Contractual and Voluntary Approaches to Sovereign Debt Restructuring
There’s Still More to Do - Working Paper #293
The international community took important steps during 2014 to improve the global infrastructure through which we deal with cases of sovereign debt distress—steps on which further progress can be built. The development of better model language for bond contracts, as promulgated by the International Capital Markets Association (ICMA 2014) and largely endorsed by the International Monetary Fund (IMF, the “Fund”; IMF 2014b), should make these bonds easier to restructure when countries hit payment difficulties. Similarly, the reform of some IMF lending practices (IMF 2014a) will likely make the Fund more effective at helping indebted countries avoid unnecessary restructurings. Together, these changes ought to make future episodes of sovereign debt less costly for both debtors and creditors. Concurrent with these developments, the United Nations General Assembly (UNGA) Resolution 68/304 “Towards the establishment of a multilateral legal framework for sovereign debt restructuring processes” (UN 2014) passed by a split vote on September 9, 2014. The resolution expressed the will of many member states to move toward the creation of a multilateral statutory framework for sovereign debt restructuring. It echoed calls by the G77 in the 1970s and in recent UN resolutions (UN 2010, 2011, 2012) for an orderly approach to sovereign debt restructuring. Coming over a decade after the rejection of the IMF’s Sovereign Debt Restructuring Mechanism (SDRM; Krueger 2001) in 2003, this UNGA resolution signals continued interest in treaty-based approaches to enhancing our sovereign debt toolkit.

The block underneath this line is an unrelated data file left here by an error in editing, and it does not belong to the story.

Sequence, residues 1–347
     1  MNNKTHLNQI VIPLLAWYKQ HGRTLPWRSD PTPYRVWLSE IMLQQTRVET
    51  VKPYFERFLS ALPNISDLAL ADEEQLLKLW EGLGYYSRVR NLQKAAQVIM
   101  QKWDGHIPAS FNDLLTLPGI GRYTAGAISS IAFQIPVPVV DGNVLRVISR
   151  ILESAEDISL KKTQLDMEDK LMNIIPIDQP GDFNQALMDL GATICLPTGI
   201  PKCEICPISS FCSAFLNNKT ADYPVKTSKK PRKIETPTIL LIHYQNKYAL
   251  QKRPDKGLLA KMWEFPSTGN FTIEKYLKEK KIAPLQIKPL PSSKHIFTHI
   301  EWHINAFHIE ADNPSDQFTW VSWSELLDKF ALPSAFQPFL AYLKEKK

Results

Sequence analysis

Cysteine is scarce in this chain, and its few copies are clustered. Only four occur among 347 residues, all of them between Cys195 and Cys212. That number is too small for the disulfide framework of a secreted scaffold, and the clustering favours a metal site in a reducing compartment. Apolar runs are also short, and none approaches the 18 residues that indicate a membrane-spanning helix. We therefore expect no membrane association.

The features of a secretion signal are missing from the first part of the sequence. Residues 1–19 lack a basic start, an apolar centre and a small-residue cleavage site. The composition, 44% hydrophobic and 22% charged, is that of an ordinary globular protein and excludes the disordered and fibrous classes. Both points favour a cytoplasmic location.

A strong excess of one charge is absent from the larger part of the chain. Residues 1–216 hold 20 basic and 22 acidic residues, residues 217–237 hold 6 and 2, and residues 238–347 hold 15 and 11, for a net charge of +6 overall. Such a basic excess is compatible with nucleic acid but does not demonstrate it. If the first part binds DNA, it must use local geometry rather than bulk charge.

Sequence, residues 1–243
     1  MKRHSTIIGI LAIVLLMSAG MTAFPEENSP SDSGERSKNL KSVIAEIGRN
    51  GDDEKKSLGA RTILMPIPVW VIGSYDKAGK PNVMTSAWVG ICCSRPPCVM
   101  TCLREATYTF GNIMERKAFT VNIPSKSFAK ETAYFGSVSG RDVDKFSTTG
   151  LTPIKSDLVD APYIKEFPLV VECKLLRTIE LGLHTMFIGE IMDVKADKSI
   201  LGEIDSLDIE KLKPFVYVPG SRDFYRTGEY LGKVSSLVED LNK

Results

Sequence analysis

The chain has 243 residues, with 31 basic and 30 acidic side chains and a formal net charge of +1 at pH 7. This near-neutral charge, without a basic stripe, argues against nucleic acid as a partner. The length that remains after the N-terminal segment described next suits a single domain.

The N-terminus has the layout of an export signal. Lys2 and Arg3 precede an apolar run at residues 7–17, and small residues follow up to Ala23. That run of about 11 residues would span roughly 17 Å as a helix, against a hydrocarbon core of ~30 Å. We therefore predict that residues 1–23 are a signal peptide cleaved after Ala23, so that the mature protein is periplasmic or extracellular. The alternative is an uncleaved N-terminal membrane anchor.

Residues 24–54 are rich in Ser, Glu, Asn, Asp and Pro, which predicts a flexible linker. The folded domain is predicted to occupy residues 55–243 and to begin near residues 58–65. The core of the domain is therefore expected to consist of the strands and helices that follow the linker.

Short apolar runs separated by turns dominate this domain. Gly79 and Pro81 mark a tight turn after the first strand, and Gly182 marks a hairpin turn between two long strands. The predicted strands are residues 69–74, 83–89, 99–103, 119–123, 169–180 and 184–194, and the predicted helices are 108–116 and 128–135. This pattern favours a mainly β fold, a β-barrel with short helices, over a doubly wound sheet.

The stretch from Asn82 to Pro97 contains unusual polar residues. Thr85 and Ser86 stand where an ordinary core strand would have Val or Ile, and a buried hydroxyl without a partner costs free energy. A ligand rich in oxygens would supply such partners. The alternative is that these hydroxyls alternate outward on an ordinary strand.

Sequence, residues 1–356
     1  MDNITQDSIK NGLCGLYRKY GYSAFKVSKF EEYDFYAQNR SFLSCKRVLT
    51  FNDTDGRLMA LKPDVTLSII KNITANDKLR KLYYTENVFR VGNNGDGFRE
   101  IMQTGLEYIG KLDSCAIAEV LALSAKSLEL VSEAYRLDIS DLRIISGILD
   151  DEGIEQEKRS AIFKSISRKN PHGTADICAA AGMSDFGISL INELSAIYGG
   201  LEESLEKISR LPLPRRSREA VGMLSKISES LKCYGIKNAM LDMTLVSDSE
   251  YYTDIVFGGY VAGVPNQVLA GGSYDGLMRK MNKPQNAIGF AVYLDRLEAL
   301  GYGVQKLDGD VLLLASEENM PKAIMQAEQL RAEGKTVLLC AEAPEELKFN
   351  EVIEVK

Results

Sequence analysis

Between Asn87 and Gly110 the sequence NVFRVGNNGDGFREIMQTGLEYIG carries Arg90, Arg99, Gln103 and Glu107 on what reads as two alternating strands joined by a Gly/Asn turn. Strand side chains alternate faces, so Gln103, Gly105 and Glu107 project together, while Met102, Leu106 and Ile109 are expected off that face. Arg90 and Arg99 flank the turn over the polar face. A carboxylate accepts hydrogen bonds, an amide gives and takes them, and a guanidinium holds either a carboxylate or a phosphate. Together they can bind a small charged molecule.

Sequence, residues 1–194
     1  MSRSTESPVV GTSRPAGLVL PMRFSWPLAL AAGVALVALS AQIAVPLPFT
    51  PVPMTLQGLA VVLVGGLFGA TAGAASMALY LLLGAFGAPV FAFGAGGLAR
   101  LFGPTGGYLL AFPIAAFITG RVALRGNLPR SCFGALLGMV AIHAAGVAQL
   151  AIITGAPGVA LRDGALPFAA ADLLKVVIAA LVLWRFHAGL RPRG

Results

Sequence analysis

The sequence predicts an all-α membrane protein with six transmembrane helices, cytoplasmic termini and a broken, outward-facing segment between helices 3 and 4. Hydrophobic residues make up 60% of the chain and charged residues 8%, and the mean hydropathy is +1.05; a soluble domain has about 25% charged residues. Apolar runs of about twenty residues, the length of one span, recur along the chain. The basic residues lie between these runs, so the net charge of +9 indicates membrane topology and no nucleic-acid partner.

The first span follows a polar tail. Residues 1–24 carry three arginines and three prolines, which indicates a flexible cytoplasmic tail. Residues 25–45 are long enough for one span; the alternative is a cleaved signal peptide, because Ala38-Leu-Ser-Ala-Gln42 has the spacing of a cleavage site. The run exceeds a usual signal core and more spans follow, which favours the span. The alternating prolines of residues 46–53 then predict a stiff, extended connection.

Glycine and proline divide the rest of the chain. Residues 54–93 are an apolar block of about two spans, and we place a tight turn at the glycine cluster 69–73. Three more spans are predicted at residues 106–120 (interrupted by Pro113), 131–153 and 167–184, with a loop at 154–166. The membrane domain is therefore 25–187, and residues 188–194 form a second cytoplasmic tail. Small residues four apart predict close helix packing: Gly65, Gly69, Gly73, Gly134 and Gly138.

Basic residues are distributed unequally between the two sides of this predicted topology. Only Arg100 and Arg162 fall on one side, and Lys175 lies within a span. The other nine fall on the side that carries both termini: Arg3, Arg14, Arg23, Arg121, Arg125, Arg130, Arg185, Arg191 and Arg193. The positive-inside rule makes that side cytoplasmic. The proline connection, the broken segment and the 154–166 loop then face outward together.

These innovations underscore that there’s no need to choose between contractual or voluntary approaches versus statutory or treaty-based agreements to improve the machinery of sovereign debt restructuring. The firm partisans for one side or another present a false and by now arid choice: both sets of approaches have their strengths and weaknesses—pros, cons, and exclusive features that have already been aired extensively. Neither path provides a perfect combination of optimal results, efficiency, and political feasibility. But in a time of record debt levels in many countries (BIS 2014; Dobbs et al. 2015) and heightened consequences attached to any policy mistake, it is important to identify where the next incremental steps can be taken to sustain the reform momentum generated in 2014. This is the purpose of the present chapter.
In charting a route toward further reform, it’s notable that the vote on the 2014 UNGA resolution highlighted some of the same differences that undermined the SDRM. Several of the countries that withheld support for the SDRM in 2003 either opposed the UNGA resolution or abstained from the vote. The home countries of the major financial centres where most foreign-law external sovereign debt is issued did not support the resolution, even in its final, diluted form. Some of these countries also expressed a preference for pursuing this discussion at the IMF, rather than at the UN. If there’s any doubt that this represents at least a temporary impasse for statutory- and treaty-based approaches to sovereign debt restructuring, consider how difficult it has been to get the 2010 package of IMF reforms completed even with the explicit backing of the White House and US Treasury. For the moment, a great deal more can be done through contractual and voluntary channels to make sovereign debt workouts smoother and more effective.